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Munich Quantum Valley

11 Jan 2021

LMU President Bernd Huber signs letter of intent for new research initiative

v.l.n.r: Prof. Dr. Reimund Neugebauer, (Fraunhofer Gesellschaft), Prof. Dr. Bernd Huber (LMU), Prof. Dr. Thomas O. Höllmann (BADW), Ministerpräsident Dr. Markus Söder, Prof. Dr. Martin Stratmann (MPG), Prof. Dr. Thomas F. Hoffmann (TUM), Bernd Sibler (STMWK), Huber Aiwanger (Freie Wähler).

© Bayerische Staatskanzlei

The Bavarian Government has announced its intention to fund a new research alliance in the field of quantum sciences. In addition to LMU Munich and the Technical University of Munich (TUM), three non-university research organizations – the Bavarian Academy of Sciences (BADW), the Fraunhofer Association and the Max Planck Society (MPG) – will also participate in the venture. Subject to the approval of the Bavarian Parliament, the State Government has earmarked a total of 300 million euros for the project, of which 120 million euros will be provided over the period 2021-2022.

Among the goals which researchers in the new Munich Quantum Valley will pursue are the construction of a quantum computer that vastly outperforms the classical digital computers now in use, the creation of secure communications networks, and the design of the basic elements of quantum technologies. The partners have now signed a formal memorandum of understanding, which confirms their commitment to the realization of this important collaborative project.

“We warmly welcome this initiative,” says LMU President Prof. Bernd Huber. “Munich is one of the world’s important centers for quantum sciences, and LMU is one of its driving forces. Our collaborative Cluster of Excellence, the "The Munich Center for Quantum Science and Technology", brings together highly respected researchers in this field. The new Munich Quantum Valley will provide a further significant boost for quantum sciences in the region.”

On the picture from left to right: Prof. Dr. Reimund Neugebauer (President of the Fraunhofer Association), Prof. Dr. Bernd Huber (President of LMU), Prof. Dr. Thomas O. Höllmann (President of the BADW), Dr. Markus Söder (Prime Minister of Bavaria), Prof. Dr. Martin Stratmann (President of the MPG), Prof. Dr. Thomas F. Hofmann (President of TUM), Bernd Sibler (Minister for Research) and Hubert Aiwanger (Minister for Economic Affairs).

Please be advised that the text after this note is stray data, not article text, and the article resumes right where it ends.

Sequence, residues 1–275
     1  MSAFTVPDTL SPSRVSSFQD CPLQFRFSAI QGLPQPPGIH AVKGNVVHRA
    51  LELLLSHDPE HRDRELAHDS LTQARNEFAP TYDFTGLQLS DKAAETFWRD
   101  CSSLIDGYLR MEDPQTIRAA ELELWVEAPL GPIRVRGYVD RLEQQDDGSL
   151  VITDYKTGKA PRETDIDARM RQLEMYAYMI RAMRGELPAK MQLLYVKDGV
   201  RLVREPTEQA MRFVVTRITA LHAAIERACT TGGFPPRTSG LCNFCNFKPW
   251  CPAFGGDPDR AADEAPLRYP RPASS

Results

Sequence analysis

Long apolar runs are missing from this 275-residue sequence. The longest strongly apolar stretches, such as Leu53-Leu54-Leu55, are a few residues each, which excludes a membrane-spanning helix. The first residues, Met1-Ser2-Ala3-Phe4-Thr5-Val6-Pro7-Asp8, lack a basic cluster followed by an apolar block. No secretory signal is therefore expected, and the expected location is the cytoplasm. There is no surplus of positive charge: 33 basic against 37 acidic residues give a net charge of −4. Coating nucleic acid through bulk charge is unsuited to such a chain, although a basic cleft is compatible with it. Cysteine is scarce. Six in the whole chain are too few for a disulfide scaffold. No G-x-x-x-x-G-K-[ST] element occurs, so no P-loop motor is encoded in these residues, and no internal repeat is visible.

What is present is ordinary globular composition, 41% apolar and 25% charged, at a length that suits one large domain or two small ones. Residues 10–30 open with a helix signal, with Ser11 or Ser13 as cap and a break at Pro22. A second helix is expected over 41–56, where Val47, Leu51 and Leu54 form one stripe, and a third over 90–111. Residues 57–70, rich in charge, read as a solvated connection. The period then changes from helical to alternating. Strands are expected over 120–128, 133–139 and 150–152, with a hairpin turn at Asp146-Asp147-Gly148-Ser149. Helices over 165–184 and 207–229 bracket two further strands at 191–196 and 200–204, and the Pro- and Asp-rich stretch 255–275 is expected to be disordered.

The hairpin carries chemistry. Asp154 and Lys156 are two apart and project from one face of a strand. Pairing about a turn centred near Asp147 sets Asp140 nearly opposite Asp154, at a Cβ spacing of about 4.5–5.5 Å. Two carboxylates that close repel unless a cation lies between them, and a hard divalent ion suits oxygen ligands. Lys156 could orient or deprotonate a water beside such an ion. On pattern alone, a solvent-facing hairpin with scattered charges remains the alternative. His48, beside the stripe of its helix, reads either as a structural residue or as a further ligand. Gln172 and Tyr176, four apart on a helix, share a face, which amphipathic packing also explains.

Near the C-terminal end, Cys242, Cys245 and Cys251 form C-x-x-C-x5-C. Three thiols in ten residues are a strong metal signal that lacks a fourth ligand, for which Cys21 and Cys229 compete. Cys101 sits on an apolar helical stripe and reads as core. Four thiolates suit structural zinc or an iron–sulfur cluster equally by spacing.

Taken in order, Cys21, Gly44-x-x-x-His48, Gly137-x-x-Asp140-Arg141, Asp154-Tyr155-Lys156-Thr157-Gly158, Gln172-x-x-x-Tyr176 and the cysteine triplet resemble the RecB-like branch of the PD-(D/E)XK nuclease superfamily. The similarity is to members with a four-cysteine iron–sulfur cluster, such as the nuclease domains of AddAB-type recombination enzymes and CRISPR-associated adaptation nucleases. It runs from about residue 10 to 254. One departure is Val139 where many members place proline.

A three-point plan encompassing research, development and training

Over the coming decade, the partners involved in the venture plan to expedite the development of quantum sciences and quantum-based technologies at both national and international levels. To achieve this goal, they have formulated a three-point plan, with the aim of intensifying existing research, development and training programs in quantum science. The plan envisages the establishment of a Center for Quantum Computing and Quantum Technologies (ZQQ) and a Quantum Technology Park, as well as the strengthening of educational and training opportunities for both junior academics and specialists in industry. These programs will make the Munich region even more attractive for highly qualified professionals in the field of quantum science.

The ZQQ will select priority areas for research and development in quantum technologies, and coordinate the allocation of resources for especially promising projects. In addition, over the next few years the ZQQ intends to construct a quantum computer that is capable of solving problems that are beyond the capacity of even the best conventional supercomputers. In the longer term, these efforts are expected to lead to the design of commercially viable quantum computers.

In the planned Quantum Technology Park, the Munich Quantum Valley consortium will set up the high-tech infrastructure that research groups, start-ups and established firms need in order to move quantum technologies forward on an international scale. This element of the project will make it possible for research findings to be rapidly translated into innovative products.

Pending approval of the initiative by the Bavarian Parliament, the Bavarian Government plans to devote a total of 300 million euros to the project, of which 120 million will be made available as start-up funding during 2021 and 2022. The collaboration will also apply for financial support from the Federal Government, which has allocated some 2 billion euros to the development of quantum technologies as part of its 2020 economic stimulus package (Zukunftspaket Deutschland).